Shortly before the piston reaches its highest position, the required amount of fuel is sprayed into the combustion chamber by the unit fuel injector. The intense heat generated during the high compression of the air ignites the fine fuel spray immediately. The combustion continues until the fuel injected has been burned.

The resulting pressure forces the piston downward on its power stroke. The exhaust valves are again opened when the piston is about half way down, allowing the burned gases to escape into the exhaust manifold. Shortly thereafter, the downward moving piston uncovers the inlet ports and the cylinder is again swept with clean scavenging air. This entire combustion cycle is completed in each cylinder for each revolution of the crankshaft, or in other words, in two strokes: hence, it is a "two stroke cycle".

The greatest advantage of the 2-cycle marine engines are the rate of acceleration, and the low level of vibration. Every down stroke of the piston is a power stroke, therefore there are twice as many firing impulses at any given time over a four-stroke engine. This enables the engine to adjust quicker to throttle position changes and along with the characteristics of the engine's torque curve, provides better acceleration. As the firing frequency is twice as high as a four stroke, the engine operates with less vibration. Because of this, transmission, torsional coupling and mount manufacturers in many cases are able to approve higher ratings for their products without any degradation in their durability.


  • AC/DC Electrical distribution panel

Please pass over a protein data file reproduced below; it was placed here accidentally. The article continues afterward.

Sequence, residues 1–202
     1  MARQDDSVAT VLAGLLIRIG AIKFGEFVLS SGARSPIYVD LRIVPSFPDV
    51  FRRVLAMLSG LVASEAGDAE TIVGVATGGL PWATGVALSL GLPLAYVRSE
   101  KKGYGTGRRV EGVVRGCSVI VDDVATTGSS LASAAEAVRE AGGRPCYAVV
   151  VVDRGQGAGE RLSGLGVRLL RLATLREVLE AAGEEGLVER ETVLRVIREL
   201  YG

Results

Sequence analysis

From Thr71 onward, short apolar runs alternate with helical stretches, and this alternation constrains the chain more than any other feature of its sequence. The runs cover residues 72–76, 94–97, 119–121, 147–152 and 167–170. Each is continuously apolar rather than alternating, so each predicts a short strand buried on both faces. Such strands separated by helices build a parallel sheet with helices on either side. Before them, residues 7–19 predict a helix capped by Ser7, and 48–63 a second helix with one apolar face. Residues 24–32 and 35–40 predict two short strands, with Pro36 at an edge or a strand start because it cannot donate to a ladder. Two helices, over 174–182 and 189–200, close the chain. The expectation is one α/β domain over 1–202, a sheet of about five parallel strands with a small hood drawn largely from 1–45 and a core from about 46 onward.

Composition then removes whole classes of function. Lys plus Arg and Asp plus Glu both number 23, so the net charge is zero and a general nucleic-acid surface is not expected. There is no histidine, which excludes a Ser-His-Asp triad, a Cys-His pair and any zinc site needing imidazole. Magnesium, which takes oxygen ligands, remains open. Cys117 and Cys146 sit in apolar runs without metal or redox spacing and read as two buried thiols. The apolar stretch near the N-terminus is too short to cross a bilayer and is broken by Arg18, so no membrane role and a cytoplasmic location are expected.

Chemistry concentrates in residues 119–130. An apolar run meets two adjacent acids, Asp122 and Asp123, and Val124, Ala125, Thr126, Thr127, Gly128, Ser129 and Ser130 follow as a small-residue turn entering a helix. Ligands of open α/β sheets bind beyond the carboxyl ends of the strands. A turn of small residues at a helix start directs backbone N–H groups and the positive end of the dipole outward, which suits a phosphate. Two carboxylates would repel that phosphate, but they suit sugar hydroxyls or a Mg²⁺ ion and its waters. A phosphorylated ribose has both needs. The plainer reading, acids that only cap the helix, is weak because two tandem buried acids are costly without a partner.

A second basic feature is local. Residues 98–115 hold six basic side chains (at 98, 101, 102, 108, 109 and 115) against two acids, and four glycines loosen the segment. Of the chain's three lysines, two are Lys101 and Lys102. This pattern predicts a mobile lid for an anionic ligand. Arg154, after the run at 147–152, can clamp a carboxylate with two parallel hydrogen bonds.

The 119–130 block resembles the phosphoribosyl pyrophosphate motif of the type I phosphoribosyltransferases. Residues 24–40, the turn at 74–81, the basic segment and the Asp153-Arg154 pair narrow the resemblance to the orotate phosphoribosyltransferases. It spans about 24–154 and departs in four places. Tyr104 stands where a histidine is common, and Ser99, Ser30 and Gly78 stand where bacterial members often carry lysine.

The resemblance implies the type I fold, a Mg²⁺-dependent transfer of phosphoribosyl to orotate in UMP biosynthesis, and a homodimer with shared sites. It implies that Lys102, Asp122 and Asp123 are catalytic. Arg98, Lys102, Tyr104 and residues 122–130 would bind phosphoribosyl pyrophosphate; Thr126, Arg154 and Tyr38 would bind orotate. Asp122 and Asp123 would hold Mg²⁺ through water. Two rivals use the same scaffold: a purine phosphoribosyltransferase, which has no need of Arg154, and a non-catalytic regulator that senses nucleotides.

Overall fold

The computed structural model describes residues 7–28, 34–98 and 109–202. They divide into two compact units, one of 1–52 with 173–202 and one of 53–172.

• 110V 30A Shorepower inlet
  • Kohler 8EOZ 8kW diesel generator
  • Xantrex Freedom Marine 25 2500W Inverter/Charger
  • Link 2000 Battery Monitor
  • Battery Systems:

            -(6) 6 Volt Batteries for house/inverter system

            -(1) 12V Generator start battery

            -(3) 12V 8D Starting batteries

Hull and Deck/Additional Systems
  • Anchorlift windlass w/300' chain and danforth style anchor
  • Spare ground tackle: 100' chain and 200' rode
  • Bait Systems: 170 Gallon (split) cockpit tank with additional bow tank (3 bait pumps)
  • Integrated aluminum fuel tanks: 460 gallons total split between forward and aft tanks (320/140)
  • 1/4" welded aluminum hull
  • 3/16" Aluminum deck and superstructure
  • Hynautic hydraulic steering
  • 2 bilge pumps w/alarms


RPM        SPEED (kts)       GPH

1000             8.0                   5.7

1300             9.5                   8.6

1650            11.7                 13.0

1750            12.5                 15.6

1850            13.5                 18.0

1950            14.5                 21.0

2050            16.0                 24.6



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Mark Barish

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Disclaimer: The Company offers the details of this vessel in good faith but cannot guarantee or warrant the accuracy of this information nor warrant the condition of the vessel. A buyer should instruct his/her agents, or his/her surveyors, to instigate such details as the buyer desires validated. This vessel is offered subject to prior sale, price change, or withdrawal without notice.